A Queen’s speech for jobs and growth

Jobs jobs jobs

The UK is currently experiencing its slowest ever recovery from its longest ever recession. At the heart of the Queen’s speech should be a policy platform that both tackles this urgent need for jobs and growth and that also reforms the welfare state and restructures the UK economy. Intergenerational and international fairness should also take centre stage. Here are a handful of top priorities:

Preventing worklessness bill

A bill to end long-term unemployment by guaranteeing work to any person on JSA who does not find employment during their time on the Work Programme. These would be newly created jobs, of at least six months in duration and paid at least the minimum wage. Failure to take up these jobs would result in the removal of unemployment benefit.

Intergenerational fairness bill

A bill to restrict Winter Fuel Allowance, free TV licences and free bus passes to older people in receipt of Pension Credit to release resources to extend childcare for families with young children. Further funds could be raised by restricting higher rate tax relief for higher rate pension contributions.

Universal childcare bill

A bill to establish the legal framework for gradually extending access to high quality childcare for pre-school children, with a substantial amount free and a cap on the remaining costs for parents. As a first step, 15 hours of free childcare would be provided for all two year olds. IPPR’s cost-benefit analysis shows that universal childcare pays a return to the Treasury of £20,050 (over four years) in terms of tax revenue minus the cost of childcare for every woman who returns to full-time employment after one year of maternity leave.

National salary insurance bill

A Bill to improve income protection for working people who lose their jobs, providing anyone who had made sufficient NICs with access to up to £200 a week for up to six months while they look for a new job, repaid via an income-contingent loan, with a zero real rate of interest.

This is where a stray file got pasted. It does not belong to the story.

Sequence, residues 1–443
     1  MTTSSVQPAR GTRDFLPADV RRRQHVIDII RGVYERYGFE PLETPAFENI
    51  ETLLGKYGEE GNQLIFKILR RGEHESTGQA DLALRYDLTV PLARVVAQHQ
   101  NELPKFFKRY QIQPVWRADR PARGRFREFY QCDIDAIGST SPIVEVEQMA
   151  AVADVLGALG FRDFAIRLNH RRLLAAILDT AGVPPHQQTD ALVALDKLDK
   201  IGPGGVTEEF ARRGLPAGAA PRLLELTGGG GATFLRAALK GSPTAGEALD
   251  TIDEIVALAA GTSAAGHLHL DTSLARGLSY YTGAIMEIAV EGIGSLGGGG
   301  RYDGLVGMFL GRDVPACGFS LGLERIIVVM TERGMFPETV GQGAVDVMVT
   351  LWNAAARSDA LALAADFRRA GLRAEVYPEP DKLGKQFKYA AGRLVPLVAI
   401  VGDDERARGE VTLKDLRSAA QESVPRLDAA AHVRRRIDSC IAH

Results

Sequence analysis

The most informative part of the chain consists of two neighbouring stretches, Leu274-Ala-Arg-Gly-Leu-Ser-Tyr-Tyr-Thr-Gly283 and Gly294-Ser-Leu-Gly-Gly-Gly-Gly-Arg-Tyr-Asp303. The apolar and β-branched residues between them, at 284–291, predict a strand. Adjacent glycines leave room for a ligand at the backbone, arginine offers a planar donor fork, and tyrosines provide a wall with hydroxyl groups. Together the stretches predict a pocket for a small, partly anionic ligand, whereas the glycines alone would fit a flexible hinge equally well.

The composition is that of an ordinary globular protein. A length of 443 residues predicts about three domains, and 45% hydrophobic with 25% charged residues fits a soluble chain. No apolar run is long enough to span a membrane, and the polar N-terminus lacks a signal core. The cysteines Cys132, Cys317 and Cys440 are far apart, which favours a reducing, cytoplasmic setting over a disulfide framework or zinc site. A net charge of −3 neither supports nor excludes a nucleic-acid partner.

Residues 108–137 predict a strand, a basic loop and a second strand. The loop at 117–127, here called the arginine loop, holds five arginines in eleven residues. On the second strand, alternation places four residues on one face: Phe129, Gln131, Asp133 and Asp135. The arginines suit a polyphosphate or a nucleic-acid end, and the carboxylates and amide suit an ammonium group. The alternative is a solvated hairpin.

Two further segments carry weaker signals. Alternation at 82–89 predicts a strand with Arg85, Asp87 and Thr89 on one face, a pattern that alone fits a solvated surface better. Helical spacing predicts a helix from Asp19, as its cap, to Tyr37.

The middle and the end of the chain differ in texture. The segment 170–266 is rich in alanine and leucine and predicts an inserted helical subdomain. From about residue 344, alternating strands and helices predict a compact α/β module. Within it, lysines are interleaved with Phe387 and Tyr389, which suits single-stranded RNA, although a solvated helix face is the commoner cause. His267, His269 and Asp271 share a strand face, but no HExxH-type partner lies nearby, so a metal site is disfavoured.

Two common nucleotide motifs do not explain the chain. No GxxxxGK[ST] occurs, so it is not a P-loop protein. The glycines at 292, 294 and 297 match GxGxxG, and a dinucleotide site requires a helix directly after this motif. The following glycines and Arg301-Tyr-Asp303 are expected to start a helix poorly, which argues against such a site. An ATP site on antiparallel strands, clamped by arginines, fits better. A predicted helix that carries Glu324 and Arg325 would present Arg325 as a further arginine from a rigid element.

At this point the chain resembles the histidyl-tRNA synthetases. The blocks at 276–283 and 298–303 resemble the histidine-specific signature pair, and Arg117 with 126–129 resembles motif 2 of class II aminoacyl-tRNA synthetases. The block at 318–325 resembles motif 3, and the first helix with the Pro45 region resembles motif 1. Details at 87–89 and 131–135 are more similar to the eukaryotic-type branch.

Banking bill

A bill to purchase all remaining shares in RBS and to split it into a ‘bad bank’ holding discounted assets and a ‘good bank’ focused on retail banking activities and with adequate capital to allow it to increase substantially its lending to UK companies, particularly small and medium-sized enterprises.

British investment bank bill

A bill to establish a fully-fledged National Investment Bank, initially capitalised with £10 billion and with the ability to issues bonds to raise further funds from financial institutions, insurance companies and pension funds. The bank would be given the remit of lending primarily for large infrastructure projects that will produce future returns, including toll roads and upgrading the rail network.

Overseas development assistance bill

A bill to enshrine in law the commitment to meet UN target of 0.7 per cent ODA/GNI spend by 2013. The internationally recognised OECD definition should apply to all spending included as ‘overseas development assistance’, with a requirement to report to parliament annually on progress towards the target and quarterly on both value for money for the UK taxpayer and aid effectiveness.